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mysql, Multiple rows, or comma delimited field?
NoLimits




msg:4020488
 5:10 pm on Nov 6, 2009 (gmt 0)

I have a mysql database that is used for tracking visitor and sales activity accross a network of sites. It works great for about the first 300,000 visitors, and then slows progressively worse and worse as it scales.

The problem lies in the following:

If there are 4 items on the page that the customer could potentially buy - currently, I insert a new row for each item (4 rows) in to the "sales" table - so that I know the sale has been presented.

If they click on one of those items, I can update the record for that item accordingly as they look at it in closer detail, or buy it. Additionally, it allows me to track the % of visitors that click through to each item and other fun data.

The problem with this is that when querying this database after it's got 900k results or so in it - it gets extremely slow.

I have considered entering all 4 sales attempts as a comma delimited field in a single row - but I'm not sure this is a good idea. I know I have a problem though because given the example above with 4 items on one page, the only thing that differs in each of the 4 rows I insert is the "itemid" - which is the id of the product from the product table.

Any suggestions, greatly appreciated.

 

LifeinAsia




msg:4020515
 5:40 pm on Nov 6, 2009 (gmt 0)

I would not go the comma-delimited route. Most likely it will only make the issue worse.

Is your table is properly indexed? Can you give an example of the query that's taking a long time to run?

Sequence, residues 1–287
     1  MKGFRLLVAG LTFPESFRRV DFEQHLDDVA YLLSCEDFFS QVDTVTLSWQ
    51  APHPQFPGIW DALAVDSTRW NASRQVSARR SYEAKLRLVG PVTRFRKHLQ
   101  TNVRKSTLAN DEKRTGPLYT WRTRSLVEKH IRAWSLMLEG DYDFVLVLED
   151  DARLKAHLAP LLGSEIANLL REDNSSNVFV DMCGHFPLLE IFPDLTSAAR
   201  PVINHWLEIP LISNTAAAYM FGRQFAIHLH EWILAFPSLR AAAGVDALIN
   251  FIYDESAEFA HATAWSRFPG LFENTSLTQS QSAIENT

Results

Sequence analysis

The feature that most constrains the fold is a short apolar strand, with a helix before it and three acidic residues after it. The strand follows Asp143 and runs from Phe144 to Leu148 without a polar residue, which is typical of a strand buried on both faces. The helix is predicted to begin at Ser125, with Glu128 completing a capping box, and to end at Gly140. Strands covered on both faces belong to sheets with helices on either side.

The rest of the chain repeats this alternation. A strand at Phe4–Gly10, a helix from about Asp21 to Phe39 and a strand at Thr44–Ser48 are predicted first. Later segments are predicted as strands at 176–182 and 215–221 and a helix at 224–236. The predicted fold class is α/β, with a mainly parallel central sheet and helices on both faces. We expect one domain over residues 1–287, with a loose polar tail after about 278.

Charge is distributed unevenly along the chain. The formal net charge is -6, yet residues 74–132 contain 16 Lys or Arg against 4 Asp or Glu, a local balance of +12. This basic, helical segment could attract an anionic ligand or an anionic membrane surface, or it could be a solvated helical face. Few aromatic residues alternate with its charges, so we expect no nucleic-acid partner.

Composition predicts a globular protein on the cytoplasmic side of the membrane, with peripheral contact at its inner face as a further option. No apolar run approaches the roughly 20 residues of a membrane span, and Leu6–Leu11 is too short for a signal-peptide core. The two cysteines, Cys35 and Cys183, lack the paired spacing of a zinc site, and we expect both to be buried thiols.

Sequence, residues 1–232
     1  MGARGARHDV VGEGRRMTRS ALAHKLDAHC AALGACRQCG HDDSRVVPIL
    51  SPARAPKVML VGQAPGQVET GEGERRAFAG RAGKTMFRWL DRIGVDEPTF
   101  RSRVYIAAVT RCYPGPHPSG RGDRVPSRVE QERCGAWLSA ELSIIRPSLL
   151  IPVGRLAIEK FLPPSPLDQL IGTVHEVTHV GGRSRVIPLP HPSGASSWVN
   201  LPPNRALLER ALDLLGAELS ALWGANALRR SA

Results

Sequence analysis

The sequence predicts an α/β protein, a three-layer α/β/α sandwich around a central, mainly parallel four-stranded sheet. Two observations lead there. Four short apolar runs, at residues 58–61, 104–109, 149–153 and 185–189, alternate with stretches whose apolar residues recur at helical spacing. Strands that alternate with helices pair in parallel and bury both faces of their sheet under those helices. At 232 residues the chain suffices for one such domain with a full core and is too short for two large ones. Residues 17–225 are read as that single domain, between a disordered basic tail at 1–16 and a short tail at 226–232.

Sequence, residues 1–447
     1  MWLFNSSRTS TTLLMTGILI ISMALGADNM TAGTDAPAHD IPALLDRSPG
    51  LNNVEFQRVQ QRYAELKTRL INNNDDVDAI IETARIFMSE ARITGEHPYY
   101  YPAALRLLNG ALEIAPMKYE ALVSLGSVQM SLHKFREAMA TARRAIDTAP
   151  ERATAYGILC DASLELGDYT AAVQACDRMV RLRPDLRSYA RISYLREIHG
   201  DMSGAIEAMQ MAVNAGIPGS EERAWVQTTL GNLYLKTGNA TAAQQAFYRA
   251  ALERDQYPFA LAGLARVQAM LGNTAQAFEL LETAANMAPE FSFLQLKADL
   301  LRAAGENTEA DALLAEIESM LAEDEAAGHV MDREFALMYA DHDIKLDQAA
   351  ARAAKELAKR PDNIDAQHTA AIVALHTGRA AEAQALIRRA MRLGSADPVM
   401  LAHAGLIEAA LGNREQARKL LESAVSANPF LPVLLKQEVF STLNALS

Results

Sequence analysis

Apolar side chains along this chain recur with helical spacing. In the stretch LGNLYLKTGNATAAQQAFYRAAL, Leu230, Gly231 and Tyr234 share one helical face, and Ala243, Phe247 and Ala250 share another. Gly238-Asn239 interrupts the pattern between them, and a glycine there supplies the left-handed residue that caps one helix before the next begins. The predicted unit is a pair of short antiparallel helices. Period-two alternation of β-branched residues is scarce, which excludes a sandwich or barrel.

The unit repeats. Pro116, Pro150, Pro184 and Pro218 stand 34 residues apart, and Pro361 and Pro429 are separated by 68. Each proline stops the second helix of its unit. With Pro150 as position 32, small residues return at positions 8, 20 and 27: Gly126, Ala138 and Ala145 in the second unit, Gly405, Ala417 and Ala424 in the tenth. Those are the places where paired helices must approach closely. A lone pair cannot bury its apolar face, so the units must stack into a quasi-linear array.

LifeinAsia




msg:4020517
 5:42 pm on Nov 6, 2009 (gmt 0)

I just read through your posting again. I would use one table for all the other "fun" you record (1 row per page), then another table for the items on the page (1 row per item), with a key between the two tables to link the data.

rocknbil




msg:4020560
 6:21 pm on Nov 6, 2009 (gmt 0)

Agreed, be sure the database is properly indexed **and** that the programming is efficient in it's access of the databases. 300 K records is not really that large. Flat text databases will kill your server, eventually, with files that large and will be extremely slow.

previous thread, same issue, but with PHP [webmasterworld.com]

NoLimits




msg:4021049
 7:38 pm on Nov 7, 2009 (gmt 0)

I think you guys nailed my issue with indexes.

I have no (zero) indexes in my database. I've been reading up on them and familiarizing myself with them and I can't believe I've never been down that road before.

I am self-taught in anything that I know about code or databases, so there tend to be large holes in my knowledge.
It was especially satisfying to see that tremendous gains can be had when using multiple table joins as this table does.

Thank you once again webmasterworld community for coming to my aid.

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